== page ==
He did not want to wake. He remembered something about a procedure he was supposed to go through, and he was sure he was supposed to be somewhere; or maybe the procedure was done, and he was supposed to get up now. They'd said it would be hard to wake, or was still hard to wake…

A buzzing sounded around his audios, and he gave his head a little shake, irritated. Beside him, he could hear the others stirring, someone snorting softly, someone rolling over with a muttered groan. He wasn't sure why they were all out here on the grass, since it seemed that the procedure had begun their transfers back in the…place. Again he shook his head a little, nose pressed against the soil as he tried to remember, but too much sleep clouded his mind, and he couldn't quite recall the name of their home. Ar…something? It was a difficult sound, one that had an even more difficult consonant on the end, and he was quite sure that whatever the name of their home had been, it had been nearly impossible to say.

Again, something made a deep sound somewhere to his left, and he finally summoned the effort to get up. It was like peeling himself away from the most blissful place, but at last he forced himself to wake, and rolled over on his belly, where he threw his front legs out in front of him.


Nearby, a whicker sounded, a question. He looked over to see an equine, a – a horse – staring at him, its dark neck half-lowered, nose extended in nervous appraisal, its ears flicking every which way.

For a good long minute, Mirage stared at this newcomer, wondering why it was here, and then as if in afterthought, he stared again at the silvery-grey forelegs outstretched before him. He could not fathom what was happening, and for many minutes, simply lay there, body tense as a bowstring, as if he might just get up and run away from himself.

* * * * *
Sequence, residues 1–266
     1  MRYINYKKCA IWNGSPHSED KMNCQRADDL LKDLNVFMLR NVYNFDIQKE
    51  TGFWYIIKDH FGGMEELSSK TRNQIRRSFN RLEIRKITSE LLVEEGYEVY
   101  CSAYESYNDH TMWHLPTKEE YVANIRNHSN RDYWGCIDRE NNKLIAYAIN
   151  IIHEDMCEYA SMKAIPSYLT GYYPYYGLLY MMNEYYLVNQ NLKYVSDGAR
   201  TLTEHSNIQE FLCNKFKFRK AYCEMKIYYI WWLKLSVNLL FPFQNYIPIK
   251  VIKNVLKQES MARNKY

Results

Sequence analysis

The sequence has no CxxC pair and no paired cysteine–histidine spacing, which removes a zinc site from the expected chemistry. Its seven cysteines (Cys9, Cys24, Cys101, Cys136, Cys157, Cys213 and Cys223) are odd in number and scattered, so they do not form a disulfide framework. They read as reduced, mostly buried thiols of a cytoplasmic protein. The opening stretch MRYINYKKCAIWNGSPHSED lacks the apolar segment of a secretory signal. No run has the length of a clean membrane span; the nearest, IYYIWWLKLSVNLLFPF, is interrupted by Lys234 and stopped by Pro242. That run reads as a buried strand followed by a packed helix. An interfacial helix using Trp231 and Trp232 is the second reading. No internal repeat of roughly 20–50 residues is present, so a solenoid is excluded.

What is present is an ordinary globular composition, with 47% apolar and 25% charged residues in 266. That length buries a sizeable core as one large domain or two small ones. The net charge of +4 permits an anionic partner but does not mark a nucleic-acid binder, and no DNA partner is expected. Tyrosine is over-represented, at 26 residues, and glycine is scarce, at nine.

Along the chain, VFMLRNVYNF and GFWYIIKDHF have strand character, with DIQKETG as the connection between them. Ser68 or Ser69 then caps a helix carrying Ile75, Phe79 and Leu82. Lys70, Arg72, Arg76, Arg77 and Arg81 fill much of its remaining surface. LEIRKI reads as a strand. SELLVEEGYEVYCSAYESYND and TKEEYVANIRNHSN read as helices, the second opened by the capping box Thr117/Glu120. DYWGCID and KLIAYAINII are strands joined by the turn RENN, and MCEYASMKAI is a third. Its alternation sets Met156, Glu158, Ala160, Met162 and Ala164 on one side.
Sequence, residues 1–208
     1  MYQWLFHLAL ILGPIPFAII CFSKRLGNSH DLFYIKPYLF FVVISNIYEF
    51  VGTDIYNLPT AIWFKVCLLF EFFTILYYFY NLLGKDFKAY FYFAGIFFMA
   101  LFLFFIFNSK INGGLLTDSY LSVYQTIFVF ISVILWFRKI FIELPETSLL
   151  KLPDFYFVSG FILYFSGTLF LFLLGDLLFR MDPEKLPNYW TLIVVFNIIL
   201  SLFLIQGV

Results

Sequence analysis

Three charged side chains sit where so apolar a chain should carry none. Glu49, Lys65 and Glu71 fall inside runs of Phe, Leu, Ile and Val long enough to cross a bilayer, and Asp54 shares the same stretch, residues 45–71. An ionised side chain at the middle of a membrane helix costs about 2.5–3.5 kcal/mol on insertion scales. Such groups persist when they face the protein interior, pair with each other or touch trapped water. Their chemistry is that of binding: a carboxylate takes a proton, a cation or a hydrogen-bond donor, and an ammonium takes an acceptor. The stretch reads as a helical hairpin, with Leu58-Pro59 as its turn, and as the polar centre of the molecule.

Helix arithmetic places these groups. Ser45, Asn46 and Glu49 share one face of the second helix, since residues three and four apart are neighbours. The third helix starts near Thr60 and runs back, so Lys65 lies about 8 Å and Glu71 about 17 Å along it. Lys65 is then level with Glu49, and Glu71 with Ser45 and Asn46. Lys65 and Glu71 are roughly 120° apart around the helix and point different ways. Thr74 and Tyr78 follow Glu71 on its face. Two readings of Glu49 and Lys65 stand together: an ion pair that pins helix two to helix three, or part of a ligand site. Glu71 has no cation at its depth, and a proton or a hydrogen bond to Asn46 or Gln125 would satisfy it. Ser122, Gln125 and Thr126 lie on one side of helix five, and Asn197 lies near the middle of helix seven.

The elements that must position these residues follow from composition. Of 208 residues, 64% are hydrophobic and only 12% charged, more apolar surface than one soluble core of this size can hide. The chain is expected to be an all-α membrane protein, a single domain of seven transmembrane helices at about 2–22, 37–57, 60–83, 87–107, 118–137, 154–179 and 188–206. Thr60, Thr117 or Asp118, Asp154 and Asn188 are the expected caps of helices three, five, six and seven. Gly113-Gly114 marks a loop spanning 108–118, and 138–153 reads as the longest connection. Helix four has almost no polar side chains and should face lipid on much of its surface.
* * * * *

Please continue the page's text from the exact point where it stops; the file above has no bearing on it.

Again, the whicker; again, the question. He looked over to find that the dark bay had inched closer, nose still extended, nostrils wide, and almost before he knew what he was doing, Mirage had launched himself to his feet, where he gave himself an involuntary shake. Tentatively, he stuck his own nose out, sucking in air as though he'd been doing it all his life, and finding that he could read things in the wind around him that he had never known were there before.

Nervous. Confused. Tense. Curious. Friend? He drew in, stepping closer, his silvery nose to the dark bay's nose, blowing, drawing air. He stood very still, neck arched, tail high behind him for very sensible reasons that made positively no sense to him at all. Hound?

Hound! Mirage tossed his head and snorted, astonished. Hound? Really? Hound?

The dark bay tossed his own head, nervous and excited and almost…happy. It was Hound, Mirage was sure of it; he remembered Hound's name better than the name of their home, though maybe it was because he could smell Hound right there in front of him. But it was so hard to say, and when he tried to ask, all that came out was an odd sort of whuff, and he stamped his hoof in frustration.

Hound dipped his head; an equine shrug. No matter, he seemed to be saying.

Mirage boggled, trying to understand what had happened, and wondering what it was that should have happened. It was so hazy, like a dream he'd once had of being larger and stronger, and now the dream was fading like smoke before the more real senses of taste and smell and touch and sight.